Tuesday, 15 April 2008

Home, and Reintegrating.

Well, I've been home for over a week and I still don't know how to answer the question, "So, are you glad to be home?"
Of course I'm glad to be home. But, I also miss the sense of mission and the friends I had in Afghanistan. And even though I spent 15 months in Afghanistan, I sometimes feel guilty being home and safe while others are still serving overseas. I don't ever want to forget that I have friends and colleagues away from home and in harms way, and I'm ready to go back when necessary to do my part again.

I've often heard it said that the nation is not at war, only the military is at war. Now that I'm home I have a mixed opinion on that statement. True, there are no outward signs of war in Vancouver, Washington; No armored vehicles patrolling the streets, no bunkers, no check points. However, there is obviously a lot of support for deployed troops. In my first week back I was out to lunch with a group of Soldiers and another patron paid the bill for all of us, and didn't even stick around for us to say thank you. Everywhere I go I am thanked for my service and welcomed home. Having seen what war does to a country I'm glad we are safe at home, I'm glad it doesn't "look like we are at war" and I'd gladly go back if that is what it takes to keep us safe here at home.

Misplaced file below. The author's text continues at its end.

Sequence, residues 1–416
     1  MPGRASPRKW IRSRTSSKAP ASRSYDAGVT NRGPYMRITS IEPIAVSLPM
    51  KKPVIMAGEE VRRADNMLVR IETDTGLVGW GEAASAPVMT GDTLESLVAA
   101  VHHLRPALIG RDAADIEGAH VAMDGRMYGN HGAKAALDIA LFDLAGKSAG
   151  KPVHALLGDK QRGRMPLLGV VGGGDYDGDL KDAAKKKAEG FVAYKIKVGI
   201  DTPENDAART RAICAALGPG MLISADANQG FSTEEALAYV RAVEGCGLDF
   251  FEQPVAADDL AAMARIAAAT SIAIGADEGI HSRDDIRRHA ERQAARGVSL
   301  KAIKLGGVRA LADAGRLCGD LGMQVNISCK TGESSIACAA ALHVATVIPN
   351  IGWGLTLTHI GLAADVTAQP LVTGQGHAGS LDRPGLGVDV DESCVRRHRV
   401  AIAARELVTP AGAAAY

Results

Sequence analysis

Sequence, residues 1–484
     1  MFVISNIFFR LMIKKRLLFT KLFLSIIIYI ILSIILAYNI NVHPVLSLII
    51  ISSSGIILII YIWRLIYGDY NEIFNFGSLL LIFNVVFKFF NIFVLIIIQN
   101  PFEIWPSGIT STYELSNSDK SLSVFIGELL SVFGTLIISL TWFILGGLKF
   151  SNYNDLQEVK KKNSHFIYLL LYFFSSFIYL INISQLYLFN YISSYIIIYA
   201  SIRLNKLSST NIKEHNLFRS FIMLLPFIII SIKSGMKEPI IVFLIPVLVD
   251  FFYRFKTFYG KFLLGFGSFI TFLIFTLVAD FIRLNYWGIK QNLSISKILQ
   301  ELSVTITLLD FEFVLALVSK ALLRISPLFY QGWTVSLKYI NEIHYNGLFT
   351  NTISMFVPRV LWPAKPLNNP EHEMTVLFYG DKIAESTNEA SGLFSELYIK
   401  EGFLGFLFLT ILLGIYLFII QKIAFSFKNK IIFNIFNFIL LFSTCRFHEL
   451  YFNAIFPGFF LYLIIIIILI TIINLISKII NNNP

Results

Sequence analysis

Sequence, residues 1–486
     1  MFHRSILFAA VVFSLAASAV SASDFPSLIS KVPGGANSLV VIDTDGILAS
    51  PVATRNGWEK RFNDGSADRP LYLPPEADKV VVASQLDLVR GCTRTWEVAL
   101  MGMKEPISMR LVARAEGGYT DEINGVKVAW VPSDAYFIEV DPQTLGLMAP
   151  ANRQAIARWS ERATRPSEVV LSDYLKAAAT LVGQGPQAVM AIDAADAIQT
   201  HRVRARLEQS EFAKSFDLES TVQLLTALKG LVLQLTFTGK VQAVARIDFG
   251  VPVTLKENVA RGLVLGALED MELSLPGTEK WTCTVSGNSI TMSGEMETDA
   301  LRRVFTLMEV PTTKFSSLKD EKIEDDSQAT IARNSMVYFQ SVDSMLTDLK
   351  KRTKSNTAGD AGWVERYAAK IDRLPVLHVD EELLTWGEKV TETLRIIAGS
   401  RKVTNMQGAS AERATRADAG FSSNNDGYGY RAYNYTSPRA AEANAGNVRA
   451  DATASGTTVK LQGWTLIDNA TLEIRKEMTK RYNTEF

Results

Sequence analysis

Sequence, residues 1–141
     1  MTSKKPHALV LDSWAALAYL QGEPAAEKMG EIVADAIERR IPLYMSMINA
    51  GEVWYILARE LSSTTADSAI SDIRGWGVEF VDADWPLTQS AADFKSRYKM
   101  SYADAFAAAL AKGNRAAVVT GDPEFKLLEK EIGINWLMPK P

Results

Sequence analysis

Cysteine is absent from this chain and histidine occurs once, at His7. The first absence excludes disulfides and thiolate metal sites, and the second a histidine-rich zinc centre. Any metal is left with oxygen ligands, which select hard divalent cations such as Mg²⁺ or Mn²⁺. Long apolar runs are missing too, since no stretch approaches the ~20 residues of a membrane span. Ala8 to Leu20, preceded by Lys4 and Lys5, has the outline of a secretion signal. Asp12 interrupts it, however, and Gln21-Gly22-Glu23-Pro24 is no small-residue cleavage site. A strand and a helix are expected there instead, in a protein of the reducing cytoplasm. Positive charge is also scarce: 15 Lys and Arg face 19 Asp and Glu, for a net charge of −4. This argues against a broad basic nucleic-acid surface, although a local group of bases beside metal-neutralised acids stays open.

And although we don't see the same level of industrial mobilization that was required during WWII, we as a nation have invented and refined dozens if not hundreds of systems to fight this current war; Up-armored HMMWVs, electronic countermeasures against IEDs, improved body armor, UAVs, as well as improved classes and training and leadership techniques. When I look back to 2003/2004 and my time in Iraq I'm reminded that in the beginning we had no UAHs, no improved body armor, no translators, no PRTs or ETTs or anthropologist assigned at the unit level. Now they have all these, and more, in both Iraq and Afghanistan.

Now I'm not saying that someone shouldn't have anticipated these needs and prepared accordingly, but those decisions are made above my pay grade. I am saying that the military has adapted and changed and learned while still fighting and winning the war on multiple fronts; Iraq, Afghanistan, Africa and Asia.